Movies about all the things adults do with and to each other, even if it’s not a perfect movie, are increasingly rare. How I’ve missed them.
“Indecent Proposal” and “Fatal Attraction” director Adrian Lyne has broken his 20-year movie-making hiatus to adapt novelist Patricia Highsmith’s thriller “Deep Water.” It’s not perfect, but it is fun — and grown-up fun. Much has been made of the absence of sex from big, contemporary movies; here, Lyne gives us a sense of what we’re missing in an allegedly gritty, mature blockbuster like “The Batman.” Lyne’s movies have always excelled at depicting perverted emotion and sexual manipulation, and it’s hard not to be impressed by his skills here as well — even if grudgingly. (A lot of the movie is very silly, sometimes unintentionally.)
“Deep Water” explores its two magnetic lead characters in ways that more expensive entertainment has mostly stopped attempting.
“Deep Water” explores its two magnetic lead characters, played by Ana de Armas and Ben Affleck, in ways that more expensive entertainment has mostly stopped attempting. Now that I’ve mentioned “Batman,” this movie’s setup probably sounds familiar: A withdrawn man (played by a former Batman) teeters on the brink of self-destruction, and can only be saved by a woman who refuses to be intimidated or dominated by him. And yet somehow, multiple directors have found ways to make the relationship between a self-destructive man who dresses up as a bat and an assertive woman who dresses up as a cat less unusual and interesting than the relationship at the heart of Highsmith’s mystery.
Lyne is clever: Usually lurid but rarely sleazy, he is enamored not just of his often-treacherous leading women, but of the way they and his leading men get close to each other. Melinda (de Armas) and Vic van Allen (Ben Affleck) are many things, but they are not passionless.
Like most good directors, Lyne is also interested in process — in showing, rather than telling — and where other films show the various steps involved in carrying out a murder, or a daring heist, Lyne shows us how Melinda and Vic try and fail and try again to get under each other’s skin, in ways pleasant and unpleasant. Vic needles Melinda by spoiling their precocious daughter while she torments her mother; Melinda flirts with, and then beds, a number of angelic-looking, stupid men half Vic’s age. But when they are in the car together, Melinda bites off part of an apple and feeds it to Vic; after one of her extramarital liaisons, she smokes a flagrantly post-coital cigarette at him; she bullies, threatens and lures him with sex. In as many ways as she can, she challenges his aloofness. When it works, they sleep with each other, instead of with other people.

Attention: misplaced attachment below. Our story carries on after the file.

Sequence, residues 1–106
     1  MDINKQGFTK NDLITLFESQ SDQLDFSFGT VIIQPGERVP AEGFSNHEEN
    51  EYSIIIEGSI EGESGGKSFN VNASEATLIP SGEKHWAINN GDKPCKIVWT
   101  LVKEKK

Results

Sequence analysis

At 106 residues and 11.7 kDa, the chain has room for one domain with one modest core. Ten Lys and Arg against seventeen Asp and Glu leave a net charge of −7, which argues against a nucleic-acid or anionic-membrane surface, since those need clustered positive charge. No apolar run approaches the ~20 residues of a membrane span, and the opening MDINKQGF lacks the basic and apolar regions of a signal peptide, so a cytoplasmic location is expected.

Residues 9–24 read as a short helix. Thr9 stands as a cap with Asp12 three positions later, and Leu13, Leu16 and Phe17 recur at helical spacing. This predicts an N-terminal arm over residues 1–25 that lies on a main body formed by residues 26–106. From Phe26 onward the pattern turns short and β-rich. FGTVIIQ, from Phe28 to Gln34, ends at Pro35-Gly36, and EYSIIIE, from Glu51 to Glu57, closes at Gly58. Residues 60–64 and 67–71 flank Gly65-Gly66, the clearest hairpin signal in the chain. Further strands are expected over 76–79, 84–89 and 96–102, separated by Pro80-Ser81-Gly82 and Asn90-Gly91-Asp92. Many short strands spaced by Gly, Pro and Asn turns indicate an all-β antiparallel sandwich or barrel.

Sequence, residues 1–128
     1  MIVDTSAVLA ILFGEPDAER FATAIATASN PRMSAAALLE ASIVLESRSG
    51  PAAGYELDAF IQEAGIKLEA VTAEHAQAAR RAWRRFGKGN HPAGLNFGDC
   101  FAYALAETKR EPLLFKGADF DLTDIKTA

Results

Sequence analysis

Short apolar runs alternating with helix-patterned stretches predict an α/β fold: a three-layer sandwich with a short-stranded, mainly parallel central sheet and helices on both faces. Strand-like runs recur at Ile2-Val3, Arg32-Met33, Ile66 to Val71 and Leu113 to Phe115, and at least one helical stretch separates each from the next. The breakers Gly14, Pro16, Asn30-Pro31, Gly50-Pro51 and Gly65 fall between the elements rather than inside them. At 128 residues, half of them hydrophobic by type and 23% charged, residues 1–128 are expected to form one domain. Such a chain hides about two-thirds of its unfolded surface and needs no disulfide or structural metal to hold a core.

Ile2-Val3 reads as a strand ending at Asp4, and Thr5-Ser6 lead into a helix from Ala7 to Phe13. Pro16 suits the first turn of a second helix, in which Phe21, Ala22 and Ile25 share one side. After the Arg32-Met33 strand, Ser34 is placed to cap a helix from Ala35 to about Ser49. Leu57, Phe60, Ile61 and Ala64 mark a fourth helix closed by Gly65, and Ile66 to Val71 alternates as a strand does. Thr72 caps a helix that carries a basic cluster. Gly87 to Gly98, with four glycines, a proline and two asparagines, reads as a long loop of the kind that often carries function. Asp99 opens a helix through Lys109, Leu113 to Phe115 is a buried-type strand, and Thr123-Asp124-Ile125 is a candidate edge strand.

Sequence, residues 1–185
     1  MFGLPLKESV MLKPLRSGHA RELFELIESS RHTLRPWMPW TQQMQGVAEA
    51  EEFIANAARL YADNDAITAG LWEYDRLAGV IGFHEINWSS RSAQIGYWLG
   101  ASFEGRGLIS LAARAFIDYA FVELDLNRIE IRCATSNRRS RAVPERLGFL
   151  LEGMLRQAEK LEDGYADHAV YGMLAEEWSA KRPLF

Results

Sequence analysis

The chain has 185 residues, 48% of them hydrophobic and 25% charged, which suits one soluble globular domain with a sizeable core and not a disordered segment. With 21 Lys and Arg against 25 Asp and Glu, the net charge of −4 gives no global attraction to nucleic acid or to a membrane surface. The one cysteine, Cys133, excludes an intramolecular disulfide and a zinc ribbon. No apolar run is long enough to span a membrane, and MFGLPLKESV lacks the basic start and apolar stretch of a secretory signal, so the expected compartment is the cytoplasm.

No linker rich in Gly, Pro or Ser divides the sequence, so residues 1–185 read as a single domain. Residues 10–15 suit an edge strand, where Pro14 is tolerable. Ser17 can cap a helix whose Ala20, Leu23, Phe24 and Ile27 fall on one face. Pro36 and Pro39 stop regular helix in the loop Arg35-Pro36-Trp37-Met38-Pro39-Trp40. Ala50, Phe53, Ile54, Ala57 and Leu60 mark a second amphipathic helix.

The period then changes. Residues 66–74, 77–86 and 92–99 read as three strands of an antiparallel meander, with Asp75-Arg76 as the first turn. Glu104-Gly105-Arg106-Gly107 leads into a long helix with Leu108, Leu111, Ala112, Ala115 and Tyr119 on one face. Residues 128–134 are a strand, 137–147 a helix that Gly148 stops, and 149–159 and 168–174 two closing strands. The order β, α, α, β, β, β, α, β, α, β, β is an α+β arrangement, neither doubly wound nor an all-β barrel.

Vic, by contrast, is reserved and superior. Affleck’s character seems to have literally everything under his control, so that when he tells one of Melinda’s hapless suitors that he murdered her last lover, we mostly believe him. (This seems most likely false, but Affleck’s assured delivery keeps us guessing.) He is a man who rarely lets himself go, to the frustration of his wife. But when the opportunity to actually murder one of Melinda’s boyfriends — and almost certainly get away with it — presents itself, he indulges himself with the same abandon Melinda tries so often to elicit from him.
Here, the “mystery” part isn’t who did it, or even how, but why, and whether he will be caught or get away with it.
These ingredients make for a very interesting murder mystery. Here, the “mystery” part isn’t who did it, or even how, but why, and whether he will be caught or get away with it. That last question is the engine that makes “Deep Water” run, and because this is from a Highsmith novel — she wrote, among others, “The Talented Mr. Ripley” and its sequels, about a bashful social climber who murders his way through the midcentury upper crust — Vic might die or go to prison. Or he might have only his own conscience, such as it is, to deal with.
By contrast, “The Batman” is absolutely a murder mystery, filled, like “Deep Water,” with terrific actors — Robert Pattinson, our weird heartthrob of a leading-man detective, the beautiful Zoe Kravitz as his love interest, and Paul Dano as the evil serial killer. But you never wonder what’s going to happen, or why, even during a car chase or a gnarly street fight. Batman will catch the bad guy, who will wax philosophical about killing people for fun; broken relationships will be mended not with familiar, personally knowledgeable gestures, but with long, clumsy monologues.
It hasn’t always been this way, as Lyne, who is 81, knows and demonstrates. Film is a visual medium; meanwhile it’s the rare TV show that punishes you for not paying full attention to the screen at all times. In “The Batman,” you can see that aspect of TV’s influence on film — its characters don’t collide emotionally unless they announce, verbally, that it’s happening, narrating their seductions or rejections.
In “Deep Water,” even those seductions and rejections are about other things. The bite of an apple is a reminder from Melinda to Vic that she still has some agency over him, even if he’s superior and withdrawn. She can make him jump for her, and it drives him crazy, and he likes it, and she resents him for liking it. What Lyne demonstrates, both in his new movie and in his back catalog, is that there is an artistically interesting place in potboiler entertainment for complicated characters whose inner lives can’t be explored via dialogue alone. Acknowledging that isn’t disgraceful or prurient, it’s another vitally important set of art-making tools. Here’s hoping they come back.